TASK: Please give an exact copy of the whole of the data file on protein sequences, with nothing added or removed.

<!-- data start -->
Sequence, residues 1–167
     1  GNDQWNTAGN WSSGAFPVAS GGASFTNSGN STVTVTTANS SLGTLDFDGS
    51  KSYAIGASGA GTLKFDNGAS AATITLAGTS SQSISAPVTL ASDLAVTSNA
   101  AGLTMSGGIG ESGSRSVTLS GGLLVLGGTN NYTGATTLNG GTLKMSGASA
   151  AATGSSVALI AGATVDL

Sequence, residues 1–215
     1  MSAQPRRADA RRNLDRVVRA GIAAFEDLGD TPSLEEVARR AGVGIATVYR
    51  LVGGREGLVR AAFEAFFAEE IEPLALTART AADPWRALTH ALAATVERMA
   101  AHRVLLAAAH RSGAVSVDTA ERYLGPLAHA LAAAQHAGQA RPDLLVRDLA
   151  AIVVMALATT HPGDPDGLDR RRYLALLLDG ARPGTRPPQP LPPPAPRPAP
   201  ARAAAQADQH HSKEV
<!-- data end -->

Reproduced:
Sequence, residues 1–167
     1  GNDQWNTAGN WSSGAFPVAS GGASFTNSGN STVTVTTANS SLGTLDFDGS
    51  KSYAIGASGA GTLKFDNGAS AATITLAGTS SQSISAPVTL ASDLAVTSNA
   101  AGLTMSGGIG ESGSRSVTLS GGLLVLGGTN NYTGATTLNG GTLKMSGASA
   151  AATGSSVALI AGATVDL

Sequence, residues 1–215
     1  MSAQPRRADA RRNLDRVVRA GIAAFEDLGD TPSLEEVARR AGVGIATVYR
    51  LVGGREGLVR AAFEAFFAEE IEPLALTART AADPWRALTH ALAATVERMA
   101  AHRVLLAAAH RSGAVSVDTA ERYLGPLAHA LAAAQHAGQA RPDLLVRDLA
   151  AIVVMALATT HPGDPDGLDR RRYLALLLDG ARPGTRPPQP LPPPAPRPAP
   201  ARAAAQADQH HSKEV